The first thing we notice in this poster is the well-manicured woman.  Women in advertising was not a new concept, nor would it fade away in the coming years.  This repetitive use of a woman’s body or traits for a purpose is what makes it somewhat of a motif or symbol in advertising.  Chernus notes that when “images function as symbols they affect us both intellectually and emotionally, both consciously and unconsciously. They communicate several different, often divergent, sometimes even contradictory, meanings simultaneously.”  The purpose of this woman was to market to other women of her stature. We can assume, unconsciously, that this woman is fairly well off from the fact that A. she has the opportunity to reach for a sweet which implies a disposable income and B. her hair is in looser curls, rather than the tight flapper haircut.  This hairstyle, as noted in Smithsonian Mag, was less polished than the years previous, marking the start of the Great Depression well.  


The myth of the need for the weight of a woman to be slim for societal judgement is also not a new idea.  Chernus states again, “ Myths may generally have more fiction than fact, but sometimes the fact outweighs the fiction. “  The fiction here is that you need to smoke to be thin, or need to think about being thin more often than is realistic. The fact here is that oftentimes it is better to lay off the sweets and keep balanced.  The propagated fact of a woman’s “health” equalling her thinness has become in many ways a part of our civic ideologies. It is seen in the media nowadays and the amount of products marketed towards it have increased exponentially.

However, one of the most interesting myths that the American public was subject to was the idea that cigarettes were good for you.  Taking a wider lens on the poster, it is quite clear that it is insinuating that Lucky Strikes would keep you healthy. In fact, the campaign went further in the following year to come out and say that doctors themselves smoked.  The following poster was taken from a 1930’s Lucky Strikes campaign via the Stanford University Research into the Impact of Tobacco Advertising. http://tobacco.stanford.edu/tobacco_main/images.php?token2=fm_st002.php&token1=fm_img0101.php&theme_file=fm_mt001.php&theme_name=Doctors%20Smoking&subtheme_name=20,679%20Physicians

The doctor ( a man, so as to gain trust that he was a good doctor) is holding a large pack of cigarettes.  This number, 20,679, was proven later to be completely arbitrary and merely more believable “than a rounded number.” The Lucky Strikes campaign proved in a simple feat of advertising how easy it is to get the American Public to buy into whatever you want to sell them.  The initial breach of the topic of health into cigarette sales may have started with the female physique, but it was brought home with the doctors orders.

Mourning Our Leaders

Samuel McGuire

How do you mourn the leader of America? Surely, one can’t produce a definitive, catch-all answer. The average american is not even likely to be able to recall the names of every US president, usually remembering the most memorable ones from their history classes or whichever ones who served in their lifetime.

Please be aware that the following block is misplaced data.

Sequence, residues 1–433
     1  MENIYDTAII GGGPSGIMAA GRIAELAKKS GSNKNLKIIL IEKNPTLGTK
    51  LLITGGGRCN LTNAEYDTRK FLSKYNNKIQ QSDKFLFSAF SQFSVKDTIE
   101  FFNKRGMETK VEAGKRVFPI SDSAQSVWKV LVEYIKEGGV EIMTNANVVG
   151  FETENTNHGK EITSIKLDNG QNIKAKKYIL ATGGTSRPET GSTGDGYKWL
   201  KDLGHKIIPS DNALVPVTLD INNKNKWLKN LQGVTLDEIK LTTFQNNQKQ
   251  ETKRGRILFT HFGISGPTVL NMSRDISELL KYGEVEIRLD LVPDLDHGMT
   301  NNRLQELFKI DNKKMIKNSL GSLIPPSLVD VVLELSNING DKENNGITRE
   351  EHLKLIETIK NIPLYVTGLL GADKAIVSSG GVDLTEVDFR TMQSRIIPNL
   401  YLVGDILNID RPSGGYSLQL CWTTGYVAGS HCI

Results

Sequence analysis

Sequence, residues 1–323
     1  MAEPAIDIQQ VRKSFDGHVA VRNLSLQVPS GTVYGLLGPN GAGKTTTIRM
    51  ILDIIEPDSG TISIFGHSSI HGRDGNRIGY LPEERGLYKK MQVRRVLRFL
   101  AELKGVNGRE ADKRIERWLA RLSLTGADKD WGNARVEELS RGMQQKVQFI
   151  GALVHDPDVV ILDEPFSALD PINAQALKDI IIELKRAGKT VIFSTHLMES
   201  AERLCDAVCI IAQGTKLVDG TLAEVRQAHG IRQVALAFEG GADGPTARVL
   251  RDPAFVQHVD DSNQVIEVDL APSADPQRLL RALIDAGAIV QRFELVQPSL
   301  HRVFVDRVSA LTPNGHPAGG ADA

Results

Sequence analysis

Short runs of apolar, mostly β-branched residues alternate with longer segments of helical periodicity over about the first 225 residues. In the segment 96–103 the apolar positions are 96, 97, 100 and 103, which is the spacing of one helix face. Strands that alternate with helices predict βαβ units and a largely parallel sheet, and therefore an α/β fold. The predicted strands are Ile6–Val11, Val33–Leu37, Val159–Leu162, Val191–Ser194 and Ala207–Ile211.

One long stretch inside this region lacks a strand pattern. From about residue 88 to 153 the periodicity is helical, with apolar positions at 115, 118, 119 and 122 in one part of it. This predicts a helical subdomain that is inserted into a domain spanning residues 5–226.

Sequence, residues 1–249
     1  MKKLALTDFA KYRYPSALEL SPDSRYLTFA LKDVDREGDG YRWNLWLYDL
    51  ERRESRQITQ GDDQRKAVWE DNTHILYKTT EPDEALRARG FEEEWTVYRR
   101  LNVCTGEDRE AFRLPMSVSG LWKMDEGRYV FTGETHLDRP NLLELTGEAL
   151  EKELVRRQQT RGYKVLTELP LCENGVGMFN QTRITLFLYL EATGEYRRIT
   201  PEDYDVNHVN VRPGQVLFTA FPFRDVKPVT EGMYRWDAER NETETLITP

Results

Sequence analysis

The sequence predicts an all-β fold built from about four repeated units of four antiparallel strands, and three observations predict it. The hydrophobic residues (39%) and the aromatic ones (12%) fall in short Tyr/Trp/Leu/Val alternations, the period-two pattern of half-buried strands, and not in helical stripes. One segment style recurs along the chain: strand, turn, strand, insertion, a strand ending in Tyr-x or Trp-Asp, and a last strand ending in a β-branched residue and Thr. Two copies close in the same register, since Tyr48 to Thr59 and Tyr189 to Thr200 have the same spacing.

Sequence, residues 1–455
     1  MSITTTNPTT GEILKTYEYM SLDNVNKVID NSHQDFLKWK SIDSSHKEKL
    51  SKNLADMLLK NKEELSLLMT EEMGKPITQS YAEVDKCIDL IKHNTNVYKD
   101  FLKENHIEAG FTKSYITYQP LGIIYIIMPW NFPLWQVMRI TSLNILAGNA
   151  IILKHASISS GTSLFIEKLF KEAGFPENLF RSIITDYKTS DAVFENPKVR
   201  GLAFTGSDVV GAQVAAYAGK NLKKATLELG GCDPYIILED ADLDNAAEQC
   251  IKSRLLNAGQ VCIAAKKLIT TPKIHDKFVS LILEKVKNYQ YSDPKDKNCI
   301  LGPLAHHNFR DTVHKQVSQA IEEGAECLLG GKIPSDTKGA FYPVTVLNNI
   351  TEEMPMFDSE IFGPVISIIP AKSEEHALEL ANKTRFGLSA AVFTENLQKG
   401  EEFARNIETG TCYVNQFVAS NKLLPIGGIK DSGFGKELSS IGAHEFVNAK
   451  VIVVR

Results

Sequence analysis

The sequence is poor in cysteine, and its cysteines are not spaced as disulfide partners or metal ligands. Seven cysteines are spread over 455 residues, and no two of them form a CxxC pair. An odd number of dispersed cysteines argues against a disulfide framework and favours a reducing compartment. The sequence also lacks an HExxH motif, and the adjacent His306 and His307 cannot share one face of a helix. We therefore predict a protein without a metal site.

The presidency is a position that elevates one to a status of immense power and influence. Throughout American history, the president has provided leadership in the public faith; faith in the government, faith in the presidency, faith in America. In one of Robert Linder’s articles for Journal of Church and State, the president has provided leadership in the public faith throughout US history. “Sometimes he has functioned primarily as a national prophet, as did Abraham Lincoln. Occasionally he has served primarily as the nation’s pastor, as did Dwight Eisenhower. At other times he has performed primarily as the high priest of the civil religion, as did Ronald Reagan.” In prophetic civil religion, the president “assesses the nation’s actions and calls upon the people to make sacrifices in times of crisis and to repent when their behavior falls short of the national ideals.” As the national pastor, he provides spiritual inspiration to the people by affirming American core values and urging them to appropriate those values, and by comforting them in their afflictions. In the priestly role, the president makes America itself the ultimate reference point. He “leads the citizenry in affirming and celebrating the nation, and reminds them of the national mission, while at the same time glorifying and praising his political flock.” This works to further the theory on Civil Religion that America’s national identity and cultural values have run parallel to that of pan-Christian religious themes, and, when seen how some of our most recognizable leaders’ roles ended, abruptly or peacefully, our biggest show of thanks was seen in how they were mourned nationwide.